RNA Polymerases

There are three distinct classes of RNA polymerase—RNA polymerase I, RNA polymerase II, and RNA polymerase III—in the nucleus of eukaryotic cells, and they are designed to carry out transcription. RNA polymerase I synthesizes large rRNA molecules. RNA polymerase II is mainly used to yield mRNA and, subsequently, proteins. RNA polymerase III produces snRNA, small rRNA, and tRNA molecules. Each class of RNA polymerase recognizes particular types of genes. However, RNA polymerases do not bind to DNA directly. Rather, they are recruited to DNA by other proteins that bind to promoters (Figure 2-2).

FIGURE 2-2. Transcription factors and RNA polymerase II complex.

FIGURE 2-2. Transcription factors and RNA polymerase II complex.

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Typical transcription factors contain DNA-binding domains, protein dimerization domains, and transcription activation domains. Some transcription factors (e.g., cAMP response element-binding protein [CREB]) may be modified by phosphorylation. The transcription activation domain interacts with an RNA polymerase II (Pol II) complex to induce transcription. TATA binding protein (TBP) binds to the TATA box element and associates with general transcription factors (TFII). This gene transcription apparatus recruits Pol II to the appropriate gene.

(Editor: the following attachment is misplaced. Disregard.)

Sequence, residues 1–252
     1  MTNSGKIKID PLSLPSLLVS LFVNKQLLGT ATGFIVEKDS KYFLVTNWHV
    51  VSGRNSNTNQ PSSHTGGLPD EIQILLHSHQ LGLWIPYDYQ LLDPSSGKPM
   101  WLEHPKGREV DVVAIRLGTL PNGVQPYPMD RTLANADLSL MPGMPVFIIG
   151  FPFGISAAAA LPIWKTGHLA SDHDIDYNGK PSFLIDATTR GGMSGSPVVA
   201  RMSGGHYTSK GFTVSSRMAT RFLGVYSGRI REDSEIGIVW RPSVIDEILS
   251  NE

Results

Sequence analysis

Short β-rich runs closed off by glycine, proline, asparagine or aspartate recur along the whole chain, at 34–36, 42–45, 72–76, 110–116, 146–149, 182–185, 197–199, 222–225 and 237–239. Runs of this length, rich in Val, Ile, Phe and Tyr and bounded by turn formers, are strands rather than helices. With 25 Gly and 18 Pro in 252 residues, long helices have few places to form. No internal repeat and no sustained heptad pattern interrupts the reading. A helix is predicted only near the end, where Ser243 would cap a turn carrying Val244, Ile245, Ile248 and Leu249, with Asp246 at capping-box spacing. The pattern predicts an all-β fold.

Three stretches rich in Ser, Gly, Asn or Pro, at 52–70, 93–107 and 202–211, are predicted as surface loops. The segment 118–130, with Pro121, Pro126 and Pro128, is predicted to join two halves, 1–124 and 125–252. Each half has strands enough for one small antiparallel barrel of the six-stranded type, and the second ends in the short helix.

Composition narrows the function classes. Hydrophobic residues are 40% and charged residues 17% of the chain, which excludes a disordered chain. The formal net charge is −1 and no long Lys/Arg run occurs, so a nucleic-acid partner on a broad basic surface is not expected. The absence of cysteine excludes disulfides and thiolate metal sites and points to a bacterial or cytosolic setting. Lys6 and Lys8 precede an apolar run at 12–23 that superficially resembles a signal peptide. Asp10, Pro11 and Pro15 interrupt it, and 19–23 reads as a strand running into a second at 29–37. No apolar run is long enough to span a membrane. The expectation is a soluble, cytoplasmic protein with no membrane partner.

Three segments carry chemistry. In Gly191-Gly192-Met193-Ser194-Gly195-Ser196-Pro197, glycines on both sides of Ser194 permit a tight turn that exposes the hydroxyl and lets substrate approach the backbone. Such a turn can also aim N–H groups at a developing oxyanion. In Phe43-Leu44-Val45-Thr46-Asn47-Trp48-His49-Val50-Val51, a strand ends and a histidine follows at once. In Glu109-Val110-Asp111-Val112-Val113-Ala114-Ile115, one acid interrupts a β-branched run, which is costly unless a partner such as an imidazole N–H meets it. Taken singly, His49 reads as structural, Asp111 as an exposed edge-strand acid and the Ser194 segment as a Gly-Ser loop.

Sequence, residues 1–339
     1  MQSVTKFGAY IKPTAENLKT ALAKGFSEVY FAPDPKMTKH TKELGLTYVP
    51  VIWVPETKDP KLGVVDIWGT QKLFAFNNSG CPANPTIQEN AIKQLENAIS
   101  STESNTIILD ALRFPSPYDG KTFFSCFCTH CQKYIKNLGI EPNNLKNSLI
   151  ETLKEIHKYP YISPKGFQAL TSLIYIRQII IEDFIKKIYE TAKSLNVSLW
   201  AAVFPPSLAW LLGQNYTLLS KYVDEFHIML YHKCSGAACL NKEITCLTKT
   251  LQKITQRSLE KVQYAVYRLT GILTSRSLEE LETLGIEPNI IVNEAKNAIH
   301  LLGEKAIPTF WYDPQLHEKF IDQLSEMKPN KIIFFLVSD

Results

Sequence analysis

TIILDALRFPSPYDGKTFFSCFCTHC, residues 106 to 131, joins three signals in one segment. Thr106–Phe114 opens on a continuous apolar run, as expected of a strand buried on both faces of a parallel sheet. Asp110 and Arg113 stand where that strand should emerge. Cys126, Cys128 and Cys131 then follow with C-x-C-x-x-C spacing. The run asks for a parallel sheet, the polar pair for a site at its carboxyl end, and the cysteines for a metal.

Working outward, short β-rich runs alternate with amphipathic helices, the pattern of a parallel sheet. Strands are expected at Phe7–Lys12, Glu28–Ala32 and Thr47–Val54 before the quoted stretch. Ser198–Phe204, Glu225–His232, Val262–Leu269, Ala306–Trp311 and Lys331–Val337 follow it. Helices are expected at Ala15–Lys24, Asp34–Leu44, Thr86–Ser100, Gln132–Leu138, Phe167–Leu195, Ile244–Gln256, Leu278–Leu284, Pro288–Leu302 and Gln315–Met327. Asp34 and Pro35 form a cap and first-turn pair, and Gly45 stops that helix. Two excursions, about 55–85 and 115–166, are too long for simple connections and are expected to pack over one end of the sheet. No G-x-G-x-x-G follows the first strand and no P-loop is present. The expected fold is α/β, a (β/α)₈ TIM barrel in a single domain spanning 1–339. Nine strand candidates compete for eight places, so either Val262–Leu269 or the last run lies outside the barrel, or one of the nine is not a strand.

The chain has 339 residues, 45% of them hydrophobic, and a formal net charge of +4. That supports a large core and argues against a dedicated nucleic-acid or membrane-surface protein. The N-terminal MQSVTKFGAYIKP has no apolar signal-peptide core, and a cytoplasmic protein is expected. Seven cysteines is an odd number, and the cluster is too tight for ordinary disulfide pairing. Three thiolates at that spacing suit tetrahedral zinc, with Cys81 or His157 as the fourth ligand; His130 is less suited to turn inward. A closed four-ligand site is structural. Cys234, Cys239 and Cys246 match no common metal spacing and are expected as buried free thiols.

mRNA is transcribed from DNA by RNA polymerase II with heterogeneous nuclear RNA (hnRNA), an intermediate product. The core promoter recognized by RNA polymerase II is the TATA box (Hogness box), a sequence rich in nucleotides A and T, which is usually located 25-30 bases upstream of the transcription start site. The TATA box determines the start site of transcription and orients the basal transcription complex that binds to DNA and recruits RNA polymerase II to the TATA box; thus, it establishes the 5' to 3' direction in which RNA polymerase II synthesizes RNA. The formation of the basal transcription complex is promoted by a TATA binding protein (TBP) that binds to a core promoter, together with multiple TBP-associated factors and other general transcription factors. Enhancers are DNA sequences that increase the rate of initiation of transcription by RNA polymerase II through its interaction with transcription factors, which can be located "upstream" or "downstream" of the transcription start site. Enhancer elements are important to cell-specific and stimulus-dependent expression of hnRNA. Some RNA polymerase II species, including those for many genes that are expressed in neurons, lack a TATA box and possess instead an initiator, a poorly conserved genetic promoter element.

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